Today, visitors to the Parco Archeologico della Neapolis in Syracuse will be able to visit what’s called the ‘Tomb of Archimedes’.

However, this is not where the great man was buried, but rather a Roman construction from a couple of centuries later. Archimedes’ true resting place was lost to time, neglected and left to decay.

That said, the Roman statesman and orator Cicero claimed he discovered its whereabouts while serving as an official in Sicily.

He knew it to be the right place from the stone adornments of a sphere and cylinder, placed there in honour of Archimede’s mathematical achievements. Cicero had the tomb restored, but again it would be lost over time.

How has Archimedes’ legacy changed over history?

Despite his contributions both in the realms of mathematical theory and in defensive weaponry, Syracuse quickly forgot Archimedes after his death (which goes to explain how his tomb became lost).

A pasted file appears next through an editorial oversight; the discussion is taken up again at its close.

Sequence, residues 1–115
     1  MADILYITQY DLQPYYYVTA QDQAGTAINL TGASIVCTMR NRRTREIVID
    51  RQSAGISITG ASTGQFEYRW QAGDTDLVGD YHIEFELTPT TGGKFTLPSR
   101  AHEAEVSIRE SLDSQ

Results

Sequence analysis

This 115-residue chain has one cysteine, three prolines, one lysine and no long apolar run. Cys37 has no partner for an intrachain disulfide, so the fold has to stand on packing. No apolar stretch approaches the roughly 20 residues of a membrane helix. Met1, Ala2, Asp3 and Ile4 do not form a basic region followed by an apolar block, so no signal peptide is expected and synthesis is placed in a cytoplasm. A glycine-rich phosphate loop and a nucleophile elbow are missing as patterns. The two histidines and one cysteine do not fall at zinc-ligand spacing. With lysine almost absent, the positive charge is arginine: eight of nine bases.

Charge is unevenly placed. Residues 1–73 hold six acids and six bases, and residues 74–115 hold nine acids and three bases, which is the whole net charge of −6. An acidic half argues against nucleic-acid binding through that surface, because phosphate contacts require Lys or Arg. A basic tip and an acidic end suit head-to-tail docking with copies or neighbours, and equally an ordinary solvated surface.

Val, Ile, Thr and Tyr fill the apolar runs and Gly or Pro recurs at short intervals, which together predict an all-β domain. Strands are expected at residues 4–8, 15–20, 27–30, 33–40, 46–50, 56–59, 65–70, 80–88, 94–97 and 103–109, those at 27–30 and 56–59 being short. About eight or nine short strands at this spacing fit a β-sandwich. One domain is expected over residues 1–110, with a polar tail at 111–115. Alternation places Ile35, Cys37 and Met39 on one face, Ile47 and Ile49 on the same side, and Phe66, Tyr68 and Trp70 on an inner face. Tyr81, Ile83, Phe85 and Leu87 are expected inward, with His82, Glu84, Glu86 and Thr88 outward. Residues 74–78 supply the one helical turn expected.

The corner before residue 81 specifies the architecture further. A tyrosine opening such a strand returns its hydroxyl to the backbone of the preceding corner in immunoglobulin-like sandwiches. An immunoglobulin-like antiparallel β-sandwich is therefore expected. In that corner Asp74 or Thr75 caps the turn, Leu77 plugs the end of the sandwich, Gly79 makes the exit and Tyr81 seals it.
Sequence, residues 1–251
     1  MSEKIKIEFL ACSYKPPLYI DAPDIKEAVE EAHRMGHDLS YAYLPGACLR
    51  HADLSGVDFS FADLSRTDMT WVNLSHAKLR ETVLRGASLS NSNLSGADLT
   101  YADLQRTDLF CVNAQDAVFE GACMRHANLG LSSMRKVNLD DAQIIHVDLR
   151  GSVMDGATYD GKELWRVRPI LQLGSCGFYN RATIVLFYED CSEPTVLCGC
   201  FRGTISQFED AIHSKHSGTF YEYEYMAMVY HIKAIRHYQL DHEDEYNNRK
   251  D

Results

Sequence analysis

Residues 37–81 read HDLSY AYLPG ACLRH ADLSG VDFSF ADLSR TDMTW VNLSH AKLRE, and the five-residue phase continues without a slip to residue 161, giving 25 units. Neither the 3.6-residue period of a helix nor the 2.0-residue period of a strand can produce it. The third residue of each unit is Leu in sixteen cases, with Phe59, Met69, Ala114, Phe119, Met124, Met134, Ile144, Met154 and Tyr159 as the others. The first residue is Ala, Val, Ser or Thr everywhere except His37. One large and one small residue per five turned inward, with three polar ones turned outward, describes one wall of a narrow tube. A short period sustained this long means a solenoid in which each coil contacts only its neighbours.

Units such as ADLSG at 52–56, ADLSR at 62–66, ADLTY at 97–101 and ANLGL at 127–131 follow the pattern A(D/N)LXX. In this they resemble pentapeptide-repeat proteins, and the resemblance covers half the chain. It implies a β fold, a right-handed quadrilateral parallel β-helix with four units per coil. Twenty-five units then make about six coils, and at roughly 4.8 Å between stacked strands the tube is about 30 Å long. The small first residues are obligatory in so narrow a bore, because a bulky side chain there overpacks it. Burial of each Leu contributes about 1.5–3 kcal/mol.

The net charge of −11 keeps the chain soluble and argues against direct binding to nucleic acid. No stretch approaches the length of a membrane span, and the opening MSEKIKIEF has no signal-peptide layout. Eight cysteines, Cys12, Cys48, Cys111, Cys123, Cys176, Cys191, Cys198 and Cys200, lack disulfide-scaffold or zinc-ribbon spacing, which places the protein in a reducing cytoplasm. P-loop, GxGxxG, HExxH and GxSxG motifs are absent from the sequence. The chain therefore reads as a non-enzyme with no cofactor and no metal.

It is not known if he had children, or followers, but there is little evidence to suggest that anyone took up the mantle of carrying on his work.

Only in the sixth century AD did Archimedes’ legacy start to be formed when Isidore of Miletus, an architect on the Hagia Sophia, compiled his works for the first time.

Then Eutocius of Ascalon wrote commentaries on Archimedes, which were translated into Arabic in the eighth and ninth centuries, bringing the great mathematician of Syracuse to the attention of the great mathematicians of medieval Islam.

Archimedes’ reputation would flourish, making him a constant source of inspiration during the Middle Ages, the Renaissance and the Scientific Revolution.

The real Archimedes Dial? The Antikythera mechanism explained

The archaeological macguffin at the heart of Indiana Jones and Dial of Destiny is based on a very real treasure: the Antikythera mechan

A floating object’s weight Fp and its buoyancy Fa (Fb in the text) must be equal in size.